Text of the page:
Saturday 3 September 2022

High anxiety: "Fall"

It can now only be a matter of weeks before James Cameron, in the service of promoting the upcoming
Avatar 2 (and more precisely in the service of the box-office for the monumentally expensive Avatar 2), begins once more to make the case for the primacy of 3D to the cinema experience. (If only because it will add at least the illusion of depth to an American cinema that generally appears incapable of real depth.) The new B-movie Fall is by no means in the Cameron league, and it's going for something slightly different anyway - it's going for height, stranding two over-confident adrenalin junkies at the very top of a 2,000-ft TV mast - but it amply demonstrates that it's still possible to render effects, spectacle, thrills and spills on a fraction of the budget, and with no more dimensions than two to play with. Like most successful/functional multiplex options of the past few years, Scott Mann's film is a throwback to former glories, reminding this viewer of the Renny Harlin-directed Sly Stallone vehicle Cliffhanger, an artefact from a time when such projects were routinely framed as major movie events rather than mere screenfiller. Once again, we get the establishing trauma (a husband plummeting to his death from a cliff face), the long climb back to something like standard practice, and then the jawdropping destabilising incident, in this case the sudden and unanticipated withdrawal of the ladder that got our heroines up the tower in the first place. Thereafter, they - and we - are invited to sit steady, strap in, hold on, and look down only when they (and we) can bear to.

If his film represents a largely mechanical exercise, Mann at least shows a keen interest in the mechanics. You spot as much early on, from the wicked cutaway as the girls - grief-stricken widow Becky (Grace Caroline Currey) and perky pocket rocket Hunter (Virginia Gardner) - first set foot on the rusting ladder, revealing the overburdened guy rope holding some part of the tower in place; then again from the knowing close-ups of nuts and bolts that don't seem as secure as we might all want them to be. (Worse is promised when they eventually slip loose, plummeting to the ground at a lethal rate of knots.) We might only be reassured if the girls' highwire act were flagrant fakery - if it carried an air of blue or green screen, if the long drop beneath them had been visibly patched in during postproduction. One or two overhead shots betray the odd stray pixel here and there, certainly - and we're aware that a movie with this limited a budget would be unlikely to afford the insurance premiums attached to shooting two actresses in actual mid-air. Yet it's also clear that some substantial part of Fall was shot by sending a camera and a hardy cameraman - likely the cinematographer billed only as MacGregor, casting first name to the wind - up a tall, exposed structure, the better to take an altogether too leisurely look around. When the worst happens - and the ladder shears away with a colossal crash and bang, leaving the girls stranded on a manhole-sized observation platform with night and vultures coming in - the film becomes a very different, arguably more interesting proposition. First it switches into problem-solving mode along 127 Hours lines (the durability of these cellphone batteries may be a sticking point for some), then into relationship drama, as something comes out at a moment you probably wouldn't want your best-kept secret to come out in. It is, like, totally awks for a bit, and then the full gravity of this situation kicks in, forcing a renewed commitment to getting back down alive.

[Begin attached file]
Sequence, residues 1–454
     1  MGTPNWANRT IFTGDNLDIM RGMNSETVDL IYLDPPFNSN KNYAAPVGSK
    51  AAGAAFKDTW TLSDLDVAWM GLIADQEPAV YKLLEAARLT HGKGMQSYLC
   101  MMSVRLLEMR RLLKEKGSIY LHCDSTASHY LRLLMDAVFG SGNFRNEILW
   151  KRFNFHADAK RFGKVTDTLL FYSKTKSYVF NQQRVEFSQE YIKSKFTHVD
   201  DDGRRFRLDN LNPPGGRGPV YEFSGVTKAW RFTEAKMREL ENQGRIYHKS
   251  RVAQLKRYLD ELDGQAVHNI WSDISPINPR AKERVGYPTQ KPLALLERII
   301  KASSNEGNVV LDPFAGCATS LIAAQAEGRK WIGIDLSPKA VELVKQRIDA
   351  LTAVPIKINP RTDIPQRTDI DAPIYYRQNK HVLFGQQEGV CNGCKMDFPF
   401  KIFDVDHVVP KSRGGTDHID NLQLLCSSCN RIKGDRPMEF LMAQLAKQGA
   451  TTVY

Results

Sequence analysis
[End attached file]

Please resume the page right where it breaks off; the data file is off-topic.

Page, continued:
With my climbers' hat on - hard hat, naturally, with integral chinstrap - I feel obliged to note that neither Currey nor Gardner quite possesses the upper-body musculature to entirely persuade in the scenes of perilously heavy lifting; indeed, the latter's most prominent physical attribute is her Wonderbra-assisted cleavage, a choice Hunter makes for optimum selfie likes and Mann approves for a few extra B-movie points. (It's an extension of that old-and-dubious Steve Martin gag about putting women on pedestals making it easier to see up their skirts; this camera recognises it also makes it far easier to look down ladies' tops from certain angles. It is a Mann film, after all.) Yet these actresses convince both in their individual dishevelment and the ebbs and flows of their friendship. If there's a major flaw, it's that for a film about two people stuck at the top of a telecommunications tower in the middle of nowhere, it feels narratively overstuffed: consider the final act, which takes a (wrong) turn in the direction of the Shyamalanian before getting back on course with a brilliant-daft moment of catharsis involving one of those vultures. Something starker and more existential might have been more memorable, ultimately, but then you could equally argue these wild and wayward deviations are what we want from our B-movies, being the cinema's own imps of the perverse. For this viewer, the real pleasure of Fall lay in witnessing a multiplex option with this (pardon the inevitable pun) heightened level of spatial clarity. Mann draws one long, thin vertical line down the centre of the screen, gawps up at it from below, peers down at certain death from above, and then whispers get a load of that in our increasingly unbalanced ear. Why overcomplicate it so, Jimmy C?

Fall is now playing in cinemas nationwide.

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